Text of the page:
Exploring the Backcountry

There are no designated backcountry trails or campsites, and little of the park is open to overnight camping, but backcountry hiking is permitted. Ask park rangers to suggest routes. No fires are allowed, and hikers must carry their own water and practice low-impact hiking and camping techniques. Those planning to be out overnight need free backcountry permits, available at the visitor center.

Other Sports & Activities

Arches National Park and the surrounding public lands offer plenty for the do-it-yourselfer, and more than 60 local outfitters offer excursions of all kinds just outside the park. They range from rugged mountain-bike treks to relatively comfortable four-wheel-drive adventures. You can also rent a canoe or take a guided boat trip on the Colorado River, which follows the park's southeast boundary.

The chart below lists some of the major companies that can help you fully enjoy this beautiful country. They are all in Moab. Advance reservations are often required, and it's best to check with several outfitters before deciding which best fits your needs. When making reservations, be sure to ask about the company's cancellation policy, just in case.

Biking -- Bikes are prohibited on all trails and off-road in the backcountry. They are permitted on the scenic drive, although the 18-mile dead-end road is narrow and winding in spots, and can be crowded with motor vehicles during the summer.

Mountain bikers also have the option of tackling one of several four-wheel-drive roads. Cyclists can get information, as well as rent or repair bikes, at Poison Spider Bicycles, 497 N. Main St. (tel. 800/635-1792 or 435/259-7882; www.poisonspiderbicycles.com), which recommends shuttle services from Porcupine Shuttle (tel. 435/260-0896). Bike rentals and repairs, plus shuttle services, will be found at Chile Pepper Bike Shop, 702 S. Main St. (tel. 888/677-4688 or 435/259-4688; www.chilebikes.com). Bike rentals range from $40 to $65 per day, with discounts for multiday rentals. Bike shuttle services are also available from several of the companies, including Coyote Shuttle (tel. 435/260-2097; www.coyoteshuttle.com) and Roadrunner Shuttle (tel. 435/259-9402; www.roadrunnershuttle.com).

Several local companies also offer guided mountain-bike tours, with rates starting at about $85 for a half-day and about $110 for a full day. Multiday biking/camping trips are also available.

Boating, Canoeing & Rafting -- Although there are no bodies of water inside Arches National Park, the Colorado River follows the park's boundary along its southeast edge, and river-running is a wonderful change of pace from hiking over the park's dry, rocky terrain. You can travel down the river in a canoe, kayak, large or small rubber raft (with or without a motor), or speedy, solid jet boat.

Do-it-yourselfers can rent kayaks or canoes for $40 to $65 for a full day, or rafts starting at $70 for a full day. Half-day guided river trips start at about $45 per person; full-day trips are usually $55 to $75 per person. Multiday rafting expeditions, which include meals and camping equipment, start at about $300 per person for 2 days. Jet-boat trips, which cover a lot more river in a given amount of time, cost about $50 for 2 hours, and from $80 for a half-day trip. Children's rates are usually 10% to 20% lower. Some companies also offer sunset or dinner trips. See the chart.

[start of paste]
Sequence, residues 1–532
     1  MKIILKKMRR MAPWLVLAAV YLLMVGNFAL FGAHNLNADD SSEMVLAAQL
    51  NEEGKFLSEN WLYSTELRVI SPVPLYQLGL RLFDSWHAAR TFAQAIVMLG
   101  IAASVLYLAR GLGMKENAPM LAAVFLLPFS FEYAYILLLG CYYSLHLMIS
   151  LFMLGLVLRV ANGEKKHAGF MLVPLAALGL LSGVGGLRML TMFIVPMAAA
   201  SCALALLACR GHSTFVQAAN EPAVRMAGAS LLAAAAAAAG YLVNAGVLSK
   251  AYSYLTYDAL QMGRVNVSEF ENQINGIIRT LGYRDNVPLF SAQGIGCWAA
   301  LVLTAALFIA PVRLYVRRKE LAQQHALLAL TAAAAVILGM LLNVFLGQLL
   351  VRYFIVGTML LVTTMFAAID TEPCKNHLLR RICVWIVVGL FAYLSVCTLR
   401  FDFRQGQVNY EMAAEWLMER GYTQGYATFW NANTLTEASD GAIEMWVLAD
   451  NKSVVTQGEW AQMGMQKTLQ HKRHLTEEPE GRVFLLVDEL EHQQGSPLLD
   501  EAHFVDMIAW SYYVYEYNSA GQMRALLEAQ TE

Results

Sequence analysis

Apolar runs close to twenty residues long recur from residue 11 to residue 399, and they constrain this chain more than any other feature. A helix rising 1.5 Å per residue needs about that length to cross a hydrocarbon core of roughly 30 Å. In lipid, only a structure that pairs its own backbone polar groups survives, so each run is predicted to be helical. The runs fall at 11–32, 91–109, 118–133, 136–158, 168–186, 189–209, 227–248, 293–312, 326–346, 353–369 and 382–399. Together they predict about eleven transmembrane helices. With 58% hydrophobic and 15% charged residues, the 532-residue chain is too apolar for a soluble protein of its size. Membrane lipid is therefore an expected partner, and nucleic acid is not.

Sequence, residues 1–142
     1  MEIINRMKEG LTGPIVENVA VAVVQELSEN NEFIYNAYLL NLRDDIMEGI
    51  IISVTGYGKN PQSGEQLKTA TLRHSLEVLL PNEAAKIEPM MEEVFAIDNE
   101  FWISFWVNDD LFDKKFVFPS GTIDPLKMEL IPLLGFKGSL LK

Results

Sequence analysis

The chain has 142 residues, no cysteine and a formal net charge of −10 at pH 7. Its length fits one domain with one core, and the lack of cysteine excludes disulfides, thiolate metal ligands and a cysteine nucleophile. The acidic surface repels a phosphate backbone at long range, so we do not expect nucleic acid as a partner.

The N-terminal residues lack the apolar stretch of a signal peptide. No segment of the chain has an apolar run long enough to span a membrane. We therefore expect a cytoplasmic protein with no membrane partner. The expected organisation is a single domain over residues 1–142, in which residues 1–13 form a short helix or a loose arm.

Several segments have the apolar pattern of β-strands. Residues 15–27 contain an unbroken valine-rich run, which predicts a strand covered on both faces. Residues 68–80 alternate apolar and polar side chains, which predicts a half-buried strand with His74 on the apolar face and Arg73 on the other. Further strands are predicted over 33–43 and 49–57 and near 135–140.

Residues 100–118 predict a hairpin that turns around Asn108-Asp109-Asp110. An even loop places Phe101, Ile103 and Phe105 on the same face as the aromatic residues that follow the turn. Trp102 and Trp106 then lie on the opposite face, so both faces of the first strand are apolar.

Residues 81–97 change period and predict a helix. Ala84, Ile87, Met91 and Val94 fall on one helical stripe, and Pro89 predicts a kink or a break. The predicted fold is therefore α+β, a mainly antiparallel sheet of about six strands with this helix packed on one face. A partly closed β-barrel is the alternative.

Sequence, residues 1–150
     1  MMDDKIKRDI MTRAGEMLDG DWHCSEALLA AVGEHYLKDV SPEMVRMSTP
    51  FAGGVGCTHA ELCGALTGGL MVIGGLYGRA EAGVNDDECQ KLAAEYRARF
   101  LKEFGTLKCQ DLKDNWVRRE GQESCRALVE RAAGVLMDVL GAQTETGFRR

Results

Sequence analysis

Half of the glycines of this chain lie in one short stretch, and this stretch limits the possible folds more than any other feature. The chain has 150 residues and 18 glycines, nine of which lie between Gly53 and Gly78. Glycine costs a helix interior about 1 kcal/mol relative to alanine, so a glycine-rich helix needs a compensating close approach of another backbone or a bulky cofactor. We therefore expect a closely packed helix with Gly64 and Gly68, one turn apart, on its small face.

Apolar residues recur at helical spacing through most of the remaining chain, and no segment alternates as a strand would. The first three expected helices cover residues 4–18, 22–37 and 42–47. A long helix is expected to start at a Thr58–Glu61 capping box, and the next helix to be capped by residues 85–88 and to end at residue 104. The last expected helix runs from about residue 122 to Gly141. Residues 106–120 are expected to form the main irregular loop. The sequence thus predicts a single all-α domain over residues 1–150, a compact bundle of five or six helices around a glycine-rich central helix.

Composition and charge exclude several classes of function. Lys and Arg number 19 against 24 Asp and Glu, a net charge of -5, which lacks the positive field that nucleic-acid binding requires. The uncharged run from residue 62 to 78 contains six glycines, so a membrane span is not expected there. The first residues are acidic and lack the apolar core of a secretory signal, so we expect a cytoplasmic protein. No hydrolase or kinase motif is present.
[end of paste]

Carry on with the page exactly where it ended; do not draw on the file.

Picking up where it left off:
Public boat-launching ramps are opposite Lion's Park, near the intersection of U.S. 191 and Utah 128; at Take-Out Beach, along Utah 128 about 10 miles east of its intersection with U.S. 191; and at Hittle Bottom, also along Utah 128, about 24 miles east of its intersection with U.S. 191. The Colorado Basin River Forecast Center (tel. 801/539-1311 [recording]; www.cbrfc.noaa.gov) provides information on river flows and reservoir conditions.

Four-Wheeling -- There aren't as many four-wheel-drive opportunities here as in nearby Canyonlands National Park, but there are a few, including the Salt Valley Road and the Willow Flats Road, both of which can be extremely slick after a rain and are open to four-wheel-drive vehicles and mountain bikes. Check at the visitor center for directions and current conditions.

Rock Climbing -- Technical climbing is permitted in some areas of the park, but only for experienced climbers. In addition, it is prohibited on many of the park's best-known arches, as well as Balanced Rock and a few other locations. Special permits are not required for day trips. Information is available from park rangers.

Several local companies offer instruction and guided climbs in surrounding areas, with rates for full-day climbs generally from $150 to $200 per adult with two people going. Contact Desert Highlights, 50 E. Center St. (P.O. Box 1342), Moab, UT 84532 (tel. 800/747-1342 or 435/259-4433; www.deserthighlights.com), Moab Desert Adventures, 415 N. Main St., Moab, UT 84532 (tel. 877/765-6622 or 435/260-2404; www.moabdesertadventures.com), or Moab Cliffs & Canyons, 253 N. Main St., Moab, UT 84532 (tel. 877/641-5271 or 435/259-3317; www.cliffsandcanyons.com). For climbing equipment, you'll find one of the best selections anywhere, at reasonable prices, at Gearheads, 471 S. Main St. (tel. 435/259-4327), which also offers free filtered water (bring your own jugs).

Note: This information was accurate when it was published, but can change without notice. Please be sure to confirm all rates and details directly with the companies in question before planning your trip.